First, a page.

I’ve been violating one of the big principles of sustainable writing lately by working all the time. Sustainable writers, in my experience, work regularly, generally daily. For two beautifully
different renderings of this principle, read Anne Lamott’s first chapter of Bird by Bird and Robert Boice’s How Writer’s journey to Comfort and Fluency. Writing—and doing all the associated tasks that go with the work— all day, every day, every evening— is the big No-No.
Life often seems to demand it, though. So, I’m at the computer early in the morning and still struggling late in the evening to wrap up one more item on the to-do-list-that-never-ends. Working all the time, though, just is not a sustainable practice. Writing well is more of a marathon than a sprint. While many people acknowledge that—and I myself know it to be true—it seems to be lesson most of us forget and have to re-learn pretty regularly. To put it bluntly, pacing yourself isn’t just a good idea. It’s essential.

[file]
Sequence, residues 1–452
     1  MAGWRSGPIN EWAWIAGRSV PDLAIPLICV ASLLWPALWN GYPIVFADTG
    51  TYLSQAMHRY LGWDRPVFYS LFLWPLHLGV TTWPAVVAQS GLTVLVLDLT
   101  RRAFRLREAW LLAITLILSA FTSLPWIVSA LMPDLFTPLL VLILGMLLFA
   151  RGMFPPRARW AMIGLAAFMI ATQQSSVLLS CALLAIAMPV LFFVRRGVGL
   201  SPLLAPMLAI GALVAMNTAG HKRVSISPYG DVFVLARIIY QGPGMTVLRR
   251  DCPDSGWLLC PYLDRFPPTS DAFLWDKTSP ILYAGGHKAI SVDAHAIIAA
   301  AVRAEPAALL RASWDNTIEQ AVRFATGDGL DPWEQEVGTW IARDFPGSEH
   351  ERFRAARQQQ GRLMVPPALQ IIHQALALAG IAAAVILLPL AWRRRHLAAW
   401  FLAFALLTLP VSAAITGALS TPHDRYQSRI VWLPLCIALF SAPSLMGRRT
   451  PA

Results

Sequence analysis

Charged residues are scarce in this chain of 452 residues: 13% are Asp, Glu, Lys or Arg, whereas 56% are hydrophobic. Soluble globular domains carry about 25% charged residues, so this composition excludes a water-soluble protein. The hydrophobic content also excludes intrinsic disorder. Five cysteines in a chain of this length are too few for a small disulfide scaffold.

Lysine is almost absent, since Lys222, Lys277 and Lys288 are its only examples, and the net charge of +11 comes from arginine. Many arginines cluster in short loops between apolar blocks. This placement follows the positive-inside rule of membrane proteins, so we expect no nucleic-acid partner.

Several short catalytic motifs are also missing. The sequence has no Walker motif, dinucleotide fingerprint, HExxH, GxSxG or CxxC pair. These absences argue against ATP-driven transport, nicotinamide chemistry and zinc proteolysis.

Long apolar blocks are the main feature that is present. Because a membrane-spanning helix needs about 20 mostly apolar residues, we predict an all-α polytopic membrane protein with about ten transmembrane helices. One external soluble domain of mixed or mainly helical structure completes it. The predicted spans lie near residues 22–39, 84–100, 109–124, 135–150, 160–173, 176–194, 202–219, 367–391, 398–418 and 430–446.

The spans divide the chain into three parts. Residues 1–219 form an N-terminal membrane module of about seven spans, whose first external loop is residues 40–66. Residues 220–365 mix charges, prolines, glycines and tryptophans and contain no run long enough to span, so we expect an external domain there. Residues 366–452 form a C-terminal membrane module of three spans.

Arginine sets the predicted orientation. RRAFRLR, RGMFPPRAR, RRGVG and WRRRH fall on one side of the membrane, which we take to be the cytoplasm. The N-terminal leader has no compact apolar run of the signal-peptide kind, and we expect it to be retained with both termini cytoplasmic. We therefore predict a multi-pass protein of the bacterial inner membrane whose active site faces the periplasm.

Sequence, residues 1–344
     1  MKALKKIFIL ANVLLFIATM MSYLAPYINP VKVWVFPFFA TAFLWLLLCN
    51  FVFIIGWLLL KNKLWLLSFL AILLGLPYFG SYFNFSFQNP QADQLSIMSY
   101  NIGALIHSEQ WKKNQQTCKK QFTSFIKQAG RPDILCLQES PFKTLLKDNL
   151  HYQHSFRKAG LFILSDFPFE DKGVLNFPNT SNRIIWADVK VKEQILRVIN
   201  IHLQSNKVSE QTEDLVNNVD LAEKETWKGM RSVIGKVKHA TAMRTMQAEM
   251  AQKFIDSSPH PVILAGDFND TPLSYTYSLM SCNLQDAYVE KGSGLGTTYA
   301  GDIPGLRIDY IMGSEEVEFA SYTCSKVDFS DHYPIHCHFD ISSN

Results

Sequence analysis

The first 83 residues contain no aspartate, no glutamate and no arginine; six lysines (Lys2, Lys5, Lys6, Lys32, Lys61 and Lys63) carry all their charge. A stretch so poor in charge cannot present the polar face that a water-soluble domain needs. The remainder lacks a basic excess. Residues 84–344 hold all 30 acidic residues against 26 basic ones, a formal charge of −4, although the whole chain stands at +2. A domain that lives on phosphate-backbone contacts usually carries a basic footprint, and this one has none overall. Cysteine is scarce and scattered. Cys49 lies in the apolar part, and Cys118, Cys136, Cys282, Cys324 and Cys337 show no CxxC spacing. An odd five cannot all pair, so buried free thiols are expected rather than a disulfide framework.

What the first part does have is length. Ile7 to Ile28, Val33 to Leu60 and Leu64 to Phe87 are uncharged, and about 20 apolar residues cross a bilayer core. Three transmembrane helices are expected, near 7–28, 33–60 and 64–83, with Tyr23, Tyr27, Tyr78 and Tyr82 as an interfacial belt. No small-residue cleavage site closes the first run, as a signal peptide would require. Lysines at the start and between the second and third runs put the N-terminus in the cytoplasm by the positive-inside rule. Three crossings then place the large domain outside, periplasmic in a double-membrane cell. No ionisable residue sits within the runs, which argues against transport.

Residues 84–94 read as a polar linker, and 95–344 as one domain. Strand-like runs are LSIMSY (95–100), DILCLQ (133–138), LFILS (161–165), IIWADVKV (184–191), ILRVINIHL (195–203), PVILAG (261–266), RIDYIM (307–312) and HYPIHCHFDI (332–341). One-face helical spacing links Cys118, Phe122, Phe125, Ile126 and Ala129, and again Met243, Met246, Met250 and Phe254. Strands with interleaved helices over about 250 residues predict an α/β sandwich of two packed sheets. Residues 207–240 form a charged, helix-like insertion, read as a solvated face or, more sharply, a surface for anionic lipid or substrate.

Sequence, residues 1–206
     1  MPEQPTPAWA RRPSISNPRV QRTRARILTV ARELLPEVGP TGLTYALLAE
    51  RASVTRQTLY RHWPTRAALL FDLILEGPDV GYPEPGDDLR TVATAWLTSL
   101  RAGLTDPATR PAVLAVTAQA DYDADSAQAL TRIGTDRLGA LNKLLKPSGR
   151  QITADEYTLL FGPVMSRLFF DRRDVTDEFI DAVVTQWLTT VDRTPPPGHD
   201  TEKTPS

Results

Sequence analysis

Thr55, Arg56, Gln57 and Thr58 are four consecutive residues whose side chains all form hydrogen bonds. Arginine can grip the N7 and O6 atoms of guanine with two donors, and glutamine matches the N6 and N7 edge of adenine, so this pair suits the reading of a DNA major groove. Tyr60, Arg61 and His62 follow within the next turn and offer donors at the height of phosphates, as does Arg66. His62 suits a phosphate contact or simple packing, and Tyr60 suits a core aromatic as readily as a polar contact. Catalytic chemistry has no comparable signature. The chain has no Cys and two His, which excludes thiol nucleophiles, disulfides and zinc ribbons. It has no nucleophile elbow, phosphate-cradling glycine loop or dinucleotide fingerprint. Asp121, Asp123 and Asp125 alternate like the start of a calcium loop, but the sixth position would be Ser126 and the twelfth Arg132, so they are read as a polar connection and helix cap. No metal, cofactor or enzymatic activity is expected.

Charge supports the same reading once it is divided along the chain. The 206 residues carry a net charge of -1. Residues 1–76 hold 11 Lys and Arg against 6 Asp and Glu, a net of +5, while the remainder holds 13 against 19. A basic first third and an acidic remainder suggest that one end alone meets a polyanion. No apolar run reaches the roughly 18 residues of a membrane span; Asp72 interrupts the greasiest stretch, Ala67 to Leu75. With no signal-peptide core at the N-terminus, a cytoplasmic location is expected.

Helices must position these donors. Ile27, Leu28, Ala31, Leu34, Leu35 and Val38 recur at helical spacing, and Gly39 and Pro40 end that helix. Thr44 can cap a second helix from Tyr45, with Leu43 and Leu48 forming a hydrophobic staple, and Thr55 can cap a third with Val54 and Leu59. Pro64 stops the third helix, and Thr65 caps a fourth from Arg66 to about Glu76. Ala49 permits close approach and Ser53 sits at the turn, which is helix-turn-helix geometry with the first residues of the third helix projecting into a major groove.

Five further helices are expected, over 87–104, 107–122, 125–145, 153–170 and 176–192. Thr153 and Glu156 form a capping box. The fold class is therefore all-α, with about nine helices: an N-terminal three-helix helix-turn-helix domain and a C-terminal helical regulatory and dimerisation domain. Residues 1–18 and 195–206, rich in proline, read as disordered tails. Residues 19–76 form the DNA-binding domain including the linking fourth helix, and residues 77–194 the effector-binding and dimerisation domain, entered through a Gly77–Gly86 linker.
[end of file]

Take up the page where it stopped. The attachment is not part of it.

Occasional sprints or long working weeks will happen. But devoting almost all or our time and energy to work—whether its writing, editing, research, marketing or any rotation among these parts of the practice—ultimately undermines our work. The body won’t stand for it, for one thing. Muscle strain, back problems, and repetitive-motion injuries all scream out the body’s protests.
The costs to the spirit and creativity are even higher. Finding a balance between rest and work, getting away from computer screens—even putting the beloved reading down—is as vital as eating every day. It fuels the quality and quantity of our work over the long haul. So, I’m heading out to swim. And I’m looking forward to watching the final game of the women’s soccer world cup with my family this afternoon. Bring it home, Abby Wambach!